The Digital Journalist
Sesame Street

by Dana Smillie, Cairo

We decided that the elongated bruise on my left arm is a thumbprint. My purple and black and blue medal of honor. I am still not sure if it is the mark from one of the 'government loyalists' dragging me from behind down a flight of concrete stairs, hoping to get me to the ground so they could smash up all my camera gear, or the thumbprint of one of the photographers that pulled me out of the melee. Doesn't matter really.

It was an odd week. On Monday, Laura Bush arrived in Egypt as part of a Middle East tour. She visited the pyramids. She met "prominent Egyptian women." She joked with Egyptian schoolgirls. "Auntie Laura" taped a segment for the Egyptian version of Sesame Street. She praised President Hosni Mubarak's "bold and wise" steps to open up elections in September. She reminded us that building democracy takes time.

A day later, the polls opened for a referendum on the proposed amendment to Article 76 of the Egyptian constitution which would allow multi-party elections in Egypt.

The opposition promised to boycott the referendum announced by Mubarak in February and approved by the parliament a few weeks ago--they said it didn't go far enough to ensure free and fair elections. The government promised to crack down hard on any "demonstrations" in Cairo on referendum day.

Demonstrations in Cairo always kind of go like this: A few hundred passionate, politicized intellectuals take to a venue—most lately the Journalists' Syndicate or the nearby Lawyers' Syndicate—to wave their banners and chant their chants. They are surrounded by riot police vaguely resembling Darth Vadar wearing oversized crash helmets-- but with baby faces and the wide eyes of young country boys freshly plucked from the village-- who generally outnumber the demonstrators 5 to 1. The opposition yells and screams. The Darth Vadars look on in curiosity, moving forwards and backwards, tightening ranks or loosening them according to the orders of their Masters.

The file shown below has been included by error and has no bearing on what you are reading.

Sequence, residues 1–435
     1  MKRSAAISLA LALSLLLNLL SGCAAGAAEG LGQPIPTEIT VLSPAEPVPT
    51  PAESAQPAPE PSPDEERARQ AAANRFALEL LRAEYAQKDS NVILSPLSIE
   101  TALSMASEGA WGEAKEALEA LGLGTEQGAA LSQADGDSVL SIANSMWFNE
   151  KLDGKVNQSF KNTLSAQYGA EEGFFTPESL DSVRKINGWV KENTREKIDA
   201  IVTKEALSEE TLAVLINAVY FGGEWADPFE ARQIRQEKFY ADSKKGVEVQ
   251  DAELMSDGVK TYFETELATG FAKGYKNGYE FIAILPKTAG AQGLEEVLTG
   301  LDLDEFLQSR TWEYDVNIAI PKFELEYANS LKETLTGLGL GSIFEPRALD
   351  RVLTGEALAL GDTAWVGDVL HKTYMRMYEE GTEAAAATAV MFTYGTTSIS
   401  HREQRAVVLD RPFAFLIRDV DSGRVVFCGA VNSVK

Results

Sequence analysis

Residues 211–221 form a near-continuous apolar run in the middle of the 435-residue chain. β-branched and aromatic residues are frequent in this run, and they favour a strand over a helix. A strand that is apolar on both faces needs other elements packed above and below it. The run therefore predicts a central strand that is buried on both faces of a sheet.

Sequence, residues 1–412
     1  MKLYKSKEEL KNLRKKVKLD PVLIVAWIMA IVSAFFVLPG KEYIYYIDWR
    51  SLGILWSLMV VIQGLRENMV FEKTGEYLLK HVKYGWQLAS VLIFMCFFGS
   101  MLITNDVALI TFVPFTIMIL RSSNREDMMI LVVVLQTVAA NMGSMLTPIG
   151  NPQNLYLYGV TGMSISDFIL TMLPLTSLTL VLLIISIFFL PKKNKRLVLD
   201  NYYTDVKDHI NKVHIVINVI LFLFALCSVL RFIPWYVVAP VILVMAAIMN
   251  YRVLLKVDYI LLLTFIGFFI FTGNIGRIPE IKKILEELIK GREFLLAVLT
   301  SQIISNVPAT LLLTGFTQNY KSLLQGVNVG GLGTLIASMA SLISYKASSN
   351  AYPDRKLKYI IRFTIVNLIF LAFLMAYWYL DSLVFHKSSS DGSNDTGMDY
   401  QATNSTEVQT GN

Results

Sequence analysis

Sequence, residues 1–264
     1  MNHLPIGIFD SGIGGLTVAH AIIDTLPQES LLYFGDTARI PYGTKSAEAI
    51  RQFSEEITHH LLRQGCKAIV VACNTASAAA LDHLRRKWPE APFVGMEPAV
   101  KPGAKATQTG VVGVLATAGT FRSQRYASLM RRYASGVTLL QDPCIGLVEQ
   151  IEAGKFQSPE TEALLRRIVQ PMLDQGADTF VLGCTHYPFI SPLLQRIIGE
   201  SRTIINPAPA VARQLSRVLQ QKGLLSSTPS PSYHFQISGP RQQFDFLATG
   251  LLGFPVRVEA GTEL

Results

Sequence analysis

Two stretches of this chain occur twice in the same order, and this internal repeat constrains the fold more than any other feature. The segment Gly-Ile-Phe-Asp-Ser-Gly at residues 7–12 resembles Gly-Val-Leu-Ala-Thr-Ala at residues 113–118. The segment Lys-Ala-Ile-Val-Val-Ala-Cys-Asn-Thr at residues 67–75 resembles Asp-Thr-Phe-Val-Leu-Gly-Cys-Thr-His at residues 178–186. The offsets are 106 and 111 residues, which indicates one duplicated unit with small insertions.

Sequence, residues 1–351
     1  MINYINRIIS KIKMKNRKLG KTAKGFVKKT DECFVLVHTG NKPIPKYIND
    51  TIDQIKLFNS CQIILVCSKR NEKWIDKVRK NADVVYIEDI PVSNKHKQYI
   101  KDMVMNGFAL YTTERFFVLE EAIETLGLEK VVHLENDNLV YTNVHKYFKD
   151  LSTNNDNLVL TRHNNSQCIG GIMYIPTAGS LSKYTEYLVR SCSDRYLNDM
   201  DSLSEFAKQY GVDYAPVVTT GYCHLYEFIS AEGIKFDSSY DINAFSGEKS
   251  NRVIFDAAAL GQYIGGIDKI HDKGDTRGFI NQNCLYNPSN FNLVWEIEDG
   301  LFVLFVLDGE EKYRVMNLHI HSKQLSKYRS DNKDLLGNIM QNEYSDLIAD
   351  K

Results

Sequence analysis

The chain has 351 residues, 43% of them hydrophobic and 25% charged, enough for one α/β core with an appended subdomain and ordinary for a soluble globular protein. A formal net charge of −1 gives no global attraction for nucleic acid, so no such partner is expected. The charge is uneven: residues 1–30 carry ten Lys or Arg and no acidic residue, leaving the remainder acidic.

Lately, however, we have had a new twist to the plot. Government supporters are now taking to the streets, waving posters with images of Mubarak and signs hand painted in English (catering to the foreign media) saying "YES MOBARAK" (sic). Until a few days ago, I had seen them get close to the passionate opposition, yelling slogans back and forth from across a fence, separated by the baby Darth Vadars. Occasionally a torn poster or sign was catapulted to the other side but that was the extent of the confrontation. Sticks and stones can break my bones, but slogans will never hurt me.

It is widely rumoured that these energetic government loyalists, the Pro-Mo's if you will, are well compensated for their efforts. My colleagues and I met some boys after the melee on Wednesday, who declared that they were paid LE 20 (about $3.50), plus a quarter chicken and a Pepsi to go out and demonstrate. And they would get another LE 20 when they brought the Mubarak sign back. One insisted he was a card-carrying member of an opposition party, but had no job and needed the money. A part of me wonders if these two boys were not opposition activists looking to spin some yarns for the foreign media, but I want to believe them.

On Wednesday morning, I get an early-ish start with a writer colleague to check out polling stations. We have bad luck, seems that not everyone got the message that accredited journalists were free to enter the polling stations. No. It is forbidden. Why? Orders. From who? My boss. A few quick calls to other photographers confirm that I am indeed having a Bad Cairo Day, while they are happily photographing democracy in action. I contemplate a change of career or a move to Southeast Asia.

Then the demonstrations begin.

We hurried over to Saad Zaghloul in time to catch the tail end of a demonstration by the Egyptian Movement for Change, a loose coalition of activists also known as the Kefaya, or Enough, group. The Darth Vaders had penned in about 25 oppositionists, who were holding up their signature yellow stickers with "KEFAYA" in Arabic printed in bright red. I was taking rather dull pictures when I heard a loud commotion and saw the cameras running to the far end of the street. The Pro-Mo's had arrived.

Like wild animals released from a cage, they swarmed down the street, pumping their fists in the air, shouting the old refrain "With our souls and our blood we sacrifice ourselves for you, oh Mubarak"—all charged up on Pepsi and chicken no doubt. The Darth Vadars fell back, and let two private automobiles separate the Pro-Mo's from the opposition. Eventually the Masters called off the mob. I later heard several reports of incidents where the Pro-Mo's had physically attacked and verbally harassed retreating opposition members.